I’m not arguing for complacency. I believe there we can more fully integrate artists into our institutional lives, and that we can expand our audiences so that we’re serving more of our citizens, not just those who can afford “dynamic” prices.
But I will admit my impatience with those critics of our theatres who seem determined to drive a wedge between individual artists and institutions, and I hope that over the next few days and in the conversations that follow for years to come we can resist finger-pointing and ideological purity. Real conversations require a foundation of mutual respect and understanding.
Fundamentalism is just as dangerous in the theatre as it is in religion or on the Supreme Court.
So I am here to confess: My name is Michael, and I run a large institutional theatre. Yes, we built a new theatre with multiple performance spaces in order to produce new plays and create programs for local playwrights and to provide first-class facilities to other local theatres. Yes, we sell tickets to get an audience, yes, we raise money because tickets alone don’t pay the bills, and yes, all of that takes people. Does that make us overstuffed bureaucracies? Bullshit! It takes a lot of people to set that stage every day.
This room is filled with those people – artists and production staff, administrators and trustees – who make up the miracle known as the American non-profit theatre. And every one of you has made sacrifices because of your deep passion for the art form to which you have dedicated your lives.
I am deeply grateful to you for allowing me the life that I have led, and for showing me each day how you fill your lives with meaning. I am still the hopeless romantic – the Bar Mitzvah boy who acted out obscure musicals in his parent’s living room. And helping to bring plays to life is as thrilling now as it was when I began.
So as one Theatre Practitioner to a thousand others I salute you and thank you for this recognition. To those who came here searching for something better – we need you to succeed. Whether you are fighting for change from within an institution or building your own framework from scratch – break a leg! Go forth. Model the movement.
This is where it starts.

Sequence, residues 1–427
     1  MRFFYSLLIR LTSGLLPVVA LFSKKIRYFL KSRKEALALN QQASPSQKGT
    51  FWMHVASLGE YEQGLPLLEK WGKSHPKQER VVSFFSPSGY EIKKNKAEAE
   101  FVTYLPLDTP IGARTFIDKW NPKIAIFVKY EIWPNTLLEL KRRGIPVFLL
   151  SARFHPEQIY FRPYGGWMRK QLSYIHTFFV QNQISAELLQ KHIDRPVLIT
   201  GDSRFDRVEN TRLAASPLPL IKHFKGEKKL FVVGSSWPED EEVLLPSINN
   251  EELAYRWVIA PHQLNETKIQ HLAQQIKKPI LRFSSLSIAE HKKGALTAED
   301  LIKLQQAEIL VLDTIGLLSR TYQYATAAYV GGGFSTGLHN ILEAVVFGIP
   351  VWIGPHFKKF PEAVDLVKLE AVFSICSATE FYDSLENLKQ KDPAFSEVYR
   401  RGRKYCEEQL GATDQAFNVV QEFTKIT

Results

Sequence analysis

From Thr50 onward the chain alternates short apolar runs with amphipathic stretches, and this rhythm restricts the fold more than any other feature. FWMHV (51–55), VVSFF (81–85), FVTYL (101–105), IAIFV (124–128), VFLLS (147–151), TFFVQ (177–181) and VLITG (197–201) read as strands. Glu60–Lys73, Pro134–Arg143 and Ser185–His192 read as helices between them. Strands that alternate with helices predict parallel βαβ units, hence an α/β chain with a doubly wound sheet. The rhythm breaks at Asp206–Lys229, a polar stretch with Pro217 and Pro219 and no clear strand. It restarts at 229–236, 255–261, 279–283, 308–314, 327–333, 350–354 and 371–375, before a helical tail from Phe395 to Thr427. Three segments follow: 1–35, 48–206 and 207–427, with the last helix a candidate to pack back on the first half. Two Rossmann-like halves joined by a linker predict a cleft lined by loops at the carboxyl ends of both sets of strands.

Michael Maso has led the Huntington’s administrative and financial operations since 1982, producing more than 160 plays in partnership with three artistic directors and leading the Huntington’s ten-year drive to build the Stanford Calderwood Pavilion at the Boston Center for the Arts, which opened in September 2004. In recognition of these efforts, he was honored by the Boston Herald as 2004′s Theatre Man of the Year. He received the 2010 Theatre Hero Award from StageSource, the Greater Boston Theatre Alliance. From 1997 to 2005, he served as president of the League of Resident Theatres (LORT), an association of 70 of the country’s major not-for-profit professional theatres. In 2005, he was named as one of a dozen members of the inaugural class of the Barr Fellows Program. He is the 2005 recipient of the Commonwealth Award, the state’s highest arts honor, in the category of Catalyst. In 2000, Mr. Maso was honored with the Norton Prize for Sustained Excellence at Boston’s Elliot Norton Awards. He has served as a member of the board of directors of the Theatre Communications Group (TCG), the national service organization for not-for-profit theatre, and as a site visitor, panelist, and panel chairman for the National Endowment for the Arts. Mr. Maso is also a member of the baord of directors of ArtsBoston. Prior to coming to the Huntington, he spent three seasons as the managing director of the Alabama Shakespeare Festival. He has also been the general manager of New York’s Roundabout Theatre Company, business manager for PAF Playhouse on Long Island, and an independent arts management consultant based in Taos, New Mexico. Mr. Maso is an associate professor of theatre at Boston University.